I work intuitively and am attracted by the beauty of the ordinary. I seek to discover the connection and vulnerability and look for coherence without wondering why or how.
Arno Massee is a photographer with a preference for the traditional photography profession. Arno started his career in 1992 when the printing of photographs took place in the darkrooms. His love for this way of working – in which you depend on time, light, old-fashioned chemicals and especially expertise – during printing and analog editing, has always remained. His free work is particularly recognizable by the use of cyanotype printing capturing images in a so-called ‘blueprint’. The base of the work is often a cyanotypeprint which will be bleached, toned and reprinted.
Career as a photographer
Arno has been working as a successful photographer for over 25 years, mainly for the business to business market and works both for editorial and commercial publications and projects. One of Arno’s specialties is producing and creating medical- and scientific imagery for the healthcare industry and health related markets and publishers.
His compositions are characterized by simplicity, tranquility and space and artistic depths. A signature that also finds its way in his free work.
During his career as a commercial photographer Arno cannot let go of the traditional way of photographing and printing. It is precisely this unique and special process that appeals to Arno and has his passion. Working with real negatives and printing the images themselves in his darkroom or working through the old-fashioned blueprint, make his photographic art unique and striking. The final images can not be copied or digitized 1 to 1 and are totally dependent on expertise, lighting and manual editing. Each version is unique.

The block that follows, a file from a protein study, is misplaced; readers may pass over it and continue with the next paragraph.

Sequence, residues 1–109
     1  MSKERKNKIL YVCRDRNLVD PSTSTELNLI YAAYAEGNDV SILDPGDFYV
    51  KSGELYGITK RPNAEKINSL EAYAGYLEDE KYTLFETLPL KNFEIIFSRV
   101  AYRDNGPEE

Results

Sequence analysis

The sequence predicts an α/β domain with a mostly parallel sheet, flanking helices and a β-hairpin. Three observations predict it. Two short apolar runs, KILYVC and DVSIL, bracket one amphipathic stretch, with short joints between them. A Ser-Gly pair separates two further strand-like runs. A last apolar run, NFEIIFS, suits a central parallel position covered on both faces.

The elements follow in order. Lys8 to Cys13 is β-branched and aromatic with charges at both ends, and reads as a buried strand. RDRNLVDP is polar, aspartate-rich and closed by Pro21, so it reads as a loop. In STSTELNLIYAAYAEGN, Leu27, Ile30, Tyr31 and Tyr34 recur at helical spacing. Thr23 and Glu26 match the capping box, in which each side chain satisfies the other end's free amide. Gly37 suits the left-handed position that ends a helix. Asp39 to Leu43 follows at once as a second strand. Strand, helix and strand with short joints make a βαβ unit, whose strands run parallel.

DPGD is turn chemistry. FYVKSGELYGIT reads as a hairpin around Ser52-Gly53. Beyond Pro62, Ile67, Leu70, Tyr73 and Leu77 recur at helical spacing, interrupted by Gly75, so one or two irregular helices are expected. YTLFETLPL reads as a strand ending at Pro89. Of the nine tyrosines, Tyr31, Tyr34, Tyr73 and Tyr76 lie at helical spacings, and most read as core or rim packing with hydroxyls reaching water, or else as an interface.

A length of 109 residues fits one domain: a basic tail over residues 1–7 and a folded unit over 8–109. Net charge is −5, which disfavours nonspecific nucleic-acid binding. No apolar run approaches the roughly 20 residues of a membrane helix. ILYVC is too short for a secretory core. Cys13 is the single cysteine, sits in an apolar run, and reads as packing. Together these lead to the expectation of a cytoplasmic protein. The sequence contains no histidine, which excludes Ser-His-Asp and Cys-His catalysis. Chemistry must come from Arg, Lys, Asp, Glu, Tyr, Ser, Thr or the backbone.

Blueprint via cyanotype
The word ‘blueprint’ is used today as a synonym for a ‘plan’ or ‘building plan’ but in fact comes from the very first way of ‘copying’. The first ‘copies’ or blueprints were made around 1840 using paper with a light-sensitive layer of chemicals that was exposed to light. These ‘copies’ were always blue because of the chemicals. This craft is called cyanotype and offers Arno a special way to print his photo art in a traditional way.
From old craft to modern art
Via negatives of up to 1 x 2 meters, Arno ‘prints’ an image on handcrafted, light-sensitive paper using direct sunlight. Depending on the position of the sun, the sharpness of the light, the amount of chemicals and various other factors, an imprint of the negative appears in countless shades of blue. In addition to this old way of printing, Arno likes to work in his darkroom on his black and white images that are also characteristic of his photography style. All in all, it is the traditional method that makes Arno his art so strikingly different.